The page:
# User-Defined Conditional Logic In M

Here’s a short follow-up to my last post on conditional logic in M. After that post went live, Ehren Vox of the Power Query team made a good suggestion on Twitter: rather than hard-code the list of conditions and values inside the query, why not take those values from the Excel spreadsheet too? That way end-users can maintain the conditions and values themselves.

Here’s my Excel spreadsheet, now with two tables: one called Input, containing my input value, and one called CaseValues containing my conditions and return values.

And here’s my new query, a variation on the simple case statement query from my previous post, but this time using the values from the CaseValues table to drive the logic:

`let`

`    //load input value table from worksheet`

`    Source = Excel.CurrentWorkbook(){[Name="Input"]}[Content],`

`    //get input value from that table`

`    InputValue = Source{0}[Input],`

`    //load case values from worksheet as a table`

`    CaseTable = Excel.CurrentWorkbook(){[Name="CaseValues"]}[Content],`

`    //turn that table into a list and append the else condition to the end`

`    CaseValues = List.Combine({Table.ToRows(CaseTable),{{InputValue, "Else condition"}}}),`

`    //look for the input value in the CaseValues list and return the value associated with it`

`    SimpleCase = List.First(List.Select(CaseValues, each _{0}=InputValue)){1}`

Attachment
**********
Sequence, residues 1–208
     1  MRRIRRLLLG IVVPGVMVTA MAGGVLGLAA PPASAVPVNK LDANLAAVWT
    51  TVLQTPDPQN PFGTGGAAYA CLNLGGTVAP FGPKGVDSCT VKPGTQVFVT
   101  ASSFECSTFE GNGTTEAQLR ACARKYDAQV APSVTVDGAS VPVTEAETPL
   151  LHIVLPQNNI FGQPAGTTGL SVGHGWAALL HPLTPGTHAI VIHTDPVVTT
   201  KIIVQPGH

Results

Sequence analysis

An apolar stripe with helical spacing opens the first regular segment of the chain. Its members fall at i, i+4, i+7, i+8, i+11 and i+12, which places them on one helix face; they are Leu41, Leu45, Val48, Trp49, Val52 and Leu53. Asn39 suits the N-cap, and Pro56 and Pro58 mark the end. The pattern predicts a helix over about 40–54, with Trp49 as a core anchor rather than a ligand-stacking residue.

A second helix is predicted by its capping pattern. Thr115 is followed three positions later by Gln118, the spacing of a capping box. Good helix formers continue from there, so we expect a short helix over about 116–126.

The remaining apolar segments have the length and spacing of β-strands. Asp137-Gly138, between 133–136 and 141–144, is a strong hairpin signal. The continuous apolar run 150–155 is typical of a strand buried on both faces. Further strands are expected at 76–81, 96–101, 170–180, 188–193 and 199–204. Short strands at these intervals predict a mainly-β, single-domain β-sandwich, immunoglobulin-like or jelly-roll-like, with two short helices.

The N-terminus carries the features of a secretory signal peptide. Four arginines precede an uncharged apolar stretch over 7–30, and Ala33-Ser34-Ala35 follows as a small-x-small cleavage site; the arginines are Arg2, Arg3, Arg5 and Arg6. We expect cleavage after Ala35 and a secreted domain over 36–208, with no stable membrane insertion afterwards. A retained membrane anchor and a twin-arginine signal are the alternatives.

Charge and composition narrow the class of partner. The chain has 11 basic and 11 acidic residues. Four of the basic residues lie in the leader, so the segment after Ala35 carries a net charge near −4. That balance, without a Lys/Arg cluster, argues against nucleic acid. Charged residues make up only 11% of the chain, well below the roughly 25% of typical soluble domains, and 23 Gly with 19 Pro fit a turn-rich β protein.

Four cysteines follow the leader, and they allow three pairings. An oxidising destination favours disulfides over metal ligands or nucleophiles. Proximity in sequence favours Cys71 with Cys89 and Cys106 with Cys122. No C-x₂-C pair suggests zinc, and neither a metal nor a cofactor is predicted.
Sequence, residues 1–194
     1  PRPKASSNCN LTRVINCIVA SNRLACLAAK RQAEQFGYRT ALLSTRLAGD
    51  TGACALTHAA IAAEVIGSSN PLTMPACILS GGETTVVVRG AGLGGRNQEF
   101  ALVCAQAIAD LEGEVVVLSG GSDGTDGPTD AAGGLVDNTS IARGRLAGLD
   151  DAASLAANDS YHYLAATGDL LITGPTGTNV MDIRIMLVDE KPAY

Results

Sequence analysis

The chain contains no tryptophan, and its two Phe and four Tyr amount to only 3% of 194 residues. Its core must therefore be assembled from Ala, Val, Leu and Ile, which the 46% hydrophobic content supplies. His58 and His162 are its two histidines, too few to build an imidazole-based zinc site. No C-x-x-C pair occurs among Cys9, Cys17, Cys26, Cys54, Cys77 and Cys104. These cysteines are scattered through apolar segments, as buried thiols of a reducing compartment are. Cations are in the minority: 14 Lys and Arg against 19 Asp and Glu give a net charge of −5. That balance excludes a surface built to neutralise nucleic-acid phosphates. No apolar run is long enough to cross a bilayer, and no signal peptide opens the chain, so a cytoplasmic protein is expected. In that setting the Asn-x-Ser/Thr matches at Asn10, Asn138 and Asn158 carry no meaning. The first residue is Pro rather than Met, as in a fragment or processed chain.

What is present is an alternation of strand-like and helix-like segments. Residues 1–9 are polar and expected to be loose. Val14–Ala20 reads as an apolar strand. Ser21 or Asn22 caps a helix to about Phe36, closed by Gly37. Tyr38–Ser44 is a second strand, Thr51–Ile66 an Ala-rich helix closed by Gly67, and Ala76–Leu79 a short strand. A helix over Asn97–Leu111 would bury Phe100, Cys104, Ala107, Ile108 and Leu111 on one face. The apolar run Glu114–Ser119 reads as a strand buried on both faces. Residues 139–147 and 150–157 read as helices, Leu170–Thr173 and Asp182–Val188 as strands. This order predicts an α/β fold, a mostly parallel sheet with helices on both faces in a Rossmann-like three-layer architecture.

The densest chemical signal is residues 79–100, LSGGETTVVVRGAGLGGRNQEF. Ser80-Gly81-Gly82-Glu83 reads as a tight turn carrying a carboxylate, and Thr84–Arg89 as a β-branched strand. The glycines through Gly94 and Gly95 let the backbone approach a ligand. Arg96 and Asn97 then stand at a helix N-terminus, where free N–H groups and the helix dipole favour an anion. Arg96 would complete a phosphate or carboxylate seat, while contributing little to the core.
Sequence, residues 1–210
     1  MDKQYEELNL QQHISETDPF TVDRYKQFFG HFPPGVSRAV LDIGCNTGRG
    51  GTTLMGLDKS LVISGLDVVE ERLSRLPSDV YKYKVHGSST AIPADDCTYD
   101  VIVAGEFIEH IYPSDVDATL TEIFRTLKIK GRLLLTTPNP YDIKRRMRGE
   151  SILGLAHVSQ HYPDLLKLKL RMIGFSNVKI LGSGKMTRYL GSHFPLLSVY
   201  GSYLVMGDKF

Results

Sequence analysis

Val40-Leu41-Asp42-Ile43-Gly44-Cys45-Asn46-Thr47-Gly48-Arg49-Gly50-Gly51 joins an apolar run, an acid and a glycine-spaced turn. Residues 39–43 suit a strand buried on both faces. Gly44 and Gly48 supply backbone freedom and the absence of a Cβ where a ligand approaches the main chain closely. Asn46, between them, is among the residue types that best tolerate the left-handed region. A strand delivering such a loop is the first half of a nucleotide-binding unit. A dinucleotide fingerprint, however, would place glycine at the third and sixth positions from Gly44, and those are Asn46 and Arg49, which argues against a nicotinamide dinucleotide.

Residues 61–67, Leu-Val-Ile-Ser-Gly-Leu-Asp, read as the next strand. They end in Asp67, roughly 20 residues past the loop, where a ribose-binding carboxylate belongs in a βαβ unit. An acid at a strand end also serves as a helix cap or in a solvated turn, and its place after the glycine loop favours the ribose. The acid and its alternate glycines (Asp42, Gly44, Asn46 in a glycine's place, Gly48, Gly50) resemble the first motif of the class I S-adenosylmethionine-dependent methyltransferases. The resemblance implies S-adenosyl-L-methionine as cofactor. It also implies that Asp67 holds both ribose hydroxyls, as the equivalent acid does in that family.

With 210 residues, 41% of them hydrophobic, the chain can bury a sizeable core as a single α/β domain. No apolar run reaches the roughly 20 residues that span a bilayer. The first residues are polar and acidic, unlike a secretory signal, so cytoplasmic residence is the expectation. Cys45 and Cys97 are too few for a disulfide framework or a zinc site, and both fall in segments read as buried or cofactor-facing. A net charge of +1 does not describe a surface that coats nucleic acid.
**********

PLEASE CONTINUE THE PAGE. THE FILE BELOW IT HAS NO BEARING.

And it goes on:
`in`

`    SimpleCase`

The output here, once again, is the text value “Five”. Two interesting things to notice here:

• I used the Table.ToRows() function to turn the table containing my case values into a list of lists
• I used List.Combine() to append the else condition (a list containing two values, the input value and the text “Else condition”) onto the end of the list returned by Table.ToRows()

## 9 thoughts on “User-Defined Conditional Logic In M”

1. Ted Murphy says:

Hi Chris,

I pre-ordered your new Book on Amazon last week and can’t wait to get my hands on it! I need it badly!

I used Power Query to first create and them merge a series of Formula Cost Prices (one per Month) for subsequent loading into Power Pivot.

The key fields are:
– StockCode Text 100005G
– Year Number 2014
– Month Number 3

I want to create a combined Cost Look up Key which will combine the above into a single Text Field as
100005G201403

When I try using the Custom Column option I get an error … can’t combine Text & Number. I think I can get around that bit … but I cannot see how to get the leading zero required to make the month a 2-character element in the combined field.

I have created the combined column in Power Pivot, but seeing as I am creating the input table I want to include the Cost Lookup Key in it to take advantage of data compression.

Can you bail me out please?

Many thanks,

Ted.

2. Hey Chris, great post – another powerful feature that is along these lines – rather than taking constant case values a great feature that I have been using is passing functions as data. I had been doing this mostly through hard coding anonymous functions in code but i have a sort of case table where most items are map-able by static cases, but some require more nuance and I needed another variable for some cases. But this was really easy to accomplish with anonymous functions. The only trick is that in hard coding a case you will need to evaluate it, but it is just as easy to replace the text with a function in the compiler, so that I need not even provide a function name or variables, just replace the text with a function for the known function references and an extra step to infer the needed variables from the input table.